Does Premier Li Keqiang have the strength of character to live up to his name, which means "to become powerful"?
This is still a big question for many analysts who have closely tracked Li's stewardship of the world's second-largest economy since he came to power more than a year and a half ago.
For the first few months of his premiership, Li enjoyed a brief honeymoon with the media and enthusiastic economists who coined the term "Likonomics".
Li and his cabinet were praised for their determination to push for economic restructuring, for resisting calls for economic stimulus and for trying to rein in debt to contain financial risk.
In particular, Li staked his premiership on forcing officials to streamline and delegate government regulatory powers to allow a more decisive role for market forces in the economy. He vowed his cabinet would "display courage like a brave man cutting his own wrist" to push for restructuring.
Several months later, and buzzwords like Likonomics have vanished from the mouths of the media and economists as downward pressure on the economy gathers pace amid rising international concerns over political and economic uncertainties on the mainland.
Nowadays, Li, known for his scholarly manners, has started to show his frustration openly.
According to mainland media reports, Li chaired at least two cabinet meetings over the past two weeks to focus on ways to streamline and delegate government regulatory powers.
At one meeting, on May 30, Li reportedly pounded the table as he blasted local officials for inertia in carrying out central government directives.
He accused departments of micromanaging the economy and wasting time and resources examining and approving projects and deals that were entirely commercial matters unrelated to national security or strategic industries.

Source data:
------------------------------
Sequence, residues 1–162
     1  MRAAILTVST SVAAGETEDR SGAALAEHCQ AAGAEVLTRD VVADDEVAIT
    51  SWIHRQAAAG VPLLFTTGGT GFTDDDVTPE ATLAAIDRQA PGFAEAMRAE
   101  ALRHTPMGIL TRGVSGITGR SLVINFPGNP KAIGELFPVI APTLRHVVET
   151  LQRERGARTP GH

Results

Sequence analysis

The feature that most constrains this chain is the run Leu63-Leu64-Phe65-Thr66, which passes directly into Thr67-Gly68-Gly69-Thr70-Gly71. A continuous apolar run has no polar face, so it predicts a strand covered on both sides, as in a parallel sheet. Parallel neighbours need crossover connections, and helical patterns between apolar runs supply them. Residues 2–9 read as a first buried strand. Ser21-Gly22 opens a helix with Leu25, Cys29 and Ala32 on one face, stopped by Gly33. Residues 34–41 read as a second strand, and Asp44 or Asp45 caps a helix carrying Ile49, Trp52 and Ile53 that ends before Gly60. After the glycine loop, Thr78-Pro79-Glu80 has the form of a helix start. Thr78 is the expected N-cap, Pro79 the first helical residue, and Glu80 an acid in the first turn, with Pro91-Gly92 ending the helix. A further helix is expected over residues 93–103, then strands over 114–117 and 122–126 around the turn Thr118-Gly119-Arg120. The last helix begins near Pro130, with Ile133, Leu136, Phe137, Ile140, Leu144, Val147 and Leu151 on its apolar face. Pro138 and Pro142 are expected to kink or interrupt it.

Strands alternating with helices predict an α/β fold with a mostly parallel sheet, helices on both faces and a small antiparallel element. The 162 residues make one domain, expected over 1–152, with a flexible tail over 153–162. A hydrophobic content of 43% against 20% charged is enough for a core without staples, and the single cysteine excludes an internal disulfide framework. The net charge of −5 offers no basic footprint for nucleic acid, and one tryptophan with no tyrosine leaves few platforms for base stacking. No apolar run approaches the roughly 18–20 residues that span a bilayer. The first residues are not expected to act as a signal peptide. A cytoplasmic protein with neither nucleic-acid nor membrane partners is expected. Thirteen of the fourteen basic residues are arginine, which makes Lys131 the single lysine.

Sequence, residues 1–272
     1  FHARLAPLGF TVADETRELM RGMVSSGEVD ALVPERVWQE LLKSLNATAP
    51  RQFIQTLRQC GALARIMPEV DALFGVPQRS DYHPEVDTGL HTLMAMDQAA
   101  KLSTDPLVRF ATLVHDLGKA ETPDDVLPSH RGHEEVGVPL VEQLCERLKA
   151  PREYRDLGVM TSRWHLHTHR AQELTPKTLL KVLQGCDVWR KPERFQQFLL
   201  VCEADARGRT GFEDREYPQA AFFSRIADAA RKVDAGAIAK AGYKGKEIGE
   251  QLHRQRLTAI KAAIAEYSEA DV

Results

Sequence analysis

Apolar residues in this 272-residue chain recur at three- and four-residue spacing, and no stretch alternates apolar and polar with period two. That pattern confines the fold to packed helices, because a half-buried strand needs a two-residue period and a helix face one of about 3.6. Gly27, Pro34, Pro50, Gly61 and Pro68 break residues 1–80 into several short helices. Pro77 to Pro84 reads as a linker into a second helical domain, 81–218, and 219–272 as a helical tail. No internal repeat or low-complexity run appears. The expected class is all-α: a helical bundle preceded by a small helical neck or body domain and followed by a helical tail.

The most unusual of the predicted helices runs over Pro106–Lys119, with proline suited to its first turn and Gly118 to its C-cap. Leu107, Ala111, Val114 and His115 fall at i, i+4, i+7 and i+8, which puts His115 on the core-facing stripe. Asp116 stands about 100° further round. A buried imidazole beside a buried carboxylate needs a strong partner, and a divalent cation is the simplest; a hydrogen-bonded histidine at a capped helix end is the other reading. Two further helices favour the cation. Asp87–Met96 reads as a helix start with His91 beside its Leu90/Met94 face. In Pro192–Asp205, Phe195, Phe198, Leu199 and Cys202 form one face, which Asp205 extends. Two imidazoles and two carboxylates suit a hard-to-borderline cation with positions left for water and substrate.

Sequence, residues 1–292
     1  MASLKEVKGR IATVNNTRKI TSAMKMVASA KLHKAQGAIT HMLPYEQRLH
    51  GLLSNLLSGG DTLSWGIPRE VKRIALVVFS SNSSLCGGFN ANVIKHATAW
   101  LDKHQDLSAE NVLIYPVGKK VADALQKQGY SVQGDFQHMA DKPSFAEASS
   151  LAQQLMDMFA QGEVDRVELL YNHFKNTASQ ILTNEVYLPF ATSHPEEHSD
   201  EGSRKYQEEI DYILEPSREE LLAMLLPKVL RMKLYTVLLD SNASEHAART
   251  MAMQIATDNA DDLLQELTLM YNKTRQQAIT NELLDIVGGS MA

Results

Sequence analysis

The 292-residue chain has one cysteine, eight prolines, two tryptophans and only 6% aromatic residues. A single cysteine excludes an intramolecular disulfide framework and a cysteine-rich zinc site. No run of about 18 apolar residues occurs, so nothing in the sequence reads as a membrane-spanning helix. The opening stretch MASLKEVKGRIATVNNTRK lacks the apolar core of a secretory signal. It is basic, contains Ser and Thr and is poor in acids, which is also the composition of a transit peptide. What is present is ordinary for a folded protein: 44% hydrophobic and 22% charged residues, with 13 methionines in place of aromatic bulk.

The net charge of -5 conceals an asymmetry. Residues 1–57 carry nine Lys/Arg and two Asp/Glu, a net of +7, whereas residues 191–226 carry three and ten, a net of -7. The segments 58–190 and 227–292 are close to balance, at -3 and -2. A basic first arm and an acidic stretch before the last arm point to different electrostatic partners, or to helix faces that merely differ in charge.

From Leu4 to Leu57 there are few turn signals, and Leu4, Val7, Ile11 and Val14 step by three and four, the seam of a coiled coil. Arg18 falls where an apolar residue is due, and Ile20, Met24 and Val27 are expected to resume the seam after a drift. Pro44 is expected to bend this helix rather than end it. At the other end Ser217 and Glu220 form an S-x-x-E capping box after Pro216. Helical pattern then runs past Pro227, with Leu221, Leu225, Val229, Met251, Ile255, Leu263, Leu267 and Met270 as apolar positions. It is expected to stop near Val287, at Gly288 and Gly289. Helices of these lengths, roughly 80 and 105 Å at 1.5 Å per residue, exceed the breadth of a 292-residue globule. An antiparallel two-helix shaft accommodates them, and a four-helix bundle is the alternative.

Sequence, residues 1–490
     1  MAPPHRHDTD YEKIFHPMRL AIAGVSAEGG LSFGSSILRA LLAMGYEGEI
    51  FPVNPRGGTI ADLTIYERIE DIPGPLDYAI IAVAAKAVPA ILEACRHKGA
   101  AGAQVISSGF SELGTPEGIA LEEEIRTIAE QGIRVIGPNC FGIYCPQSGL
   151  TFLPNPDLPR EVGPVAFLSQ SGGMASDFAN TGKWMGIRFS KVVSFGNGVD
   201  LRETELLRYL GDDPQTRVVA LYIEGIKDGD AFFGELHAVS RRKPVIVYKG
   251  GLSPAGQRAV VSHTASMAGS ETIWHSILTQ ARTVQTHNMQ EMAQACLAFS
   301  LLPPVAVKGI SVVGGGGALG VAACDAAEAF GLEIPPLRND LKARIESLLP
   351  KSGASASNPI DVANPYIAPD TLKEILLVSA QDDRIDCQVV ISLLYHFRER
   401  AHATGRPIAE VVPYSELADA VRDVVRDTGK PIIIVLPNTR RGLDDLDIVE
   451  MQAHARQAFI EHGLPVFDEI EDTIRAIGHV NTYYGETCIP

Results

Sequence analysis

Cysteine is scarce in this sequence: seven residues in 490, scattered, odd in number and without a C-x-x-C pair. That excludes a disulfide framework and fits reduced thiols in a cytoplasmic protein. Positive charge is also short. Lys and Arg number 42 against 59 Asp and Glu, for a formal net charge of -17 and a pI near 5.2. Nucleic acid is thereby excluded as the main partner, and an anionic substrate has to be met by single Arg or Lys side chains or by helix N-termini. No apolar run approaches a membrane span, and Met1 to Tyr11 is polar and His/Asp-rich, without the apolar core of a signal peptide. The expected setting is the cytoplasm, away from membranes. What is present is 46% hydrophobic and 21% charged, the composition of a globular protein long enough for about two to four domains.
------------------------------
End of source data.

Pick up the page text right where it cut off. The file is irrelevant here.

Li vowed to do whatever it took to keep his promise to remove and delegate more than 200 administrative approval procedures by year's end.
His cabinet announced last week that the central government would send inspection teams nationwide to ensure local authorities comply with Beijing's directives.
Li reportedly lamented the long-standing problem vexing mainland leaders: that central government directives never make it outside Zhongnanhai, the headquarters of Chinese leaders, meaning they are either ignored by local authorities or twisted to suit their needs.
The power of the central leadership has never been as great as the outside world believes, as vested interests and local officials resist meaningful reforms from Beijing.
Even as Li pushes for the administrative approval procedures to be abolished, local authorities can feign compliance and set up new rules to replace the old ones.
The unprecedented anti-corruption campaign under way has enabled the new leadership to instil fear in local officials and force them to pay more attention to what Beijing says, yet they still covertly put up strong resistance.
The ambitious reform drive, trumpeted by President Xi Jinping and Premier Li, is now entering a stalemate even before the real battle against vested interests and state-sector monopolies has barely begun.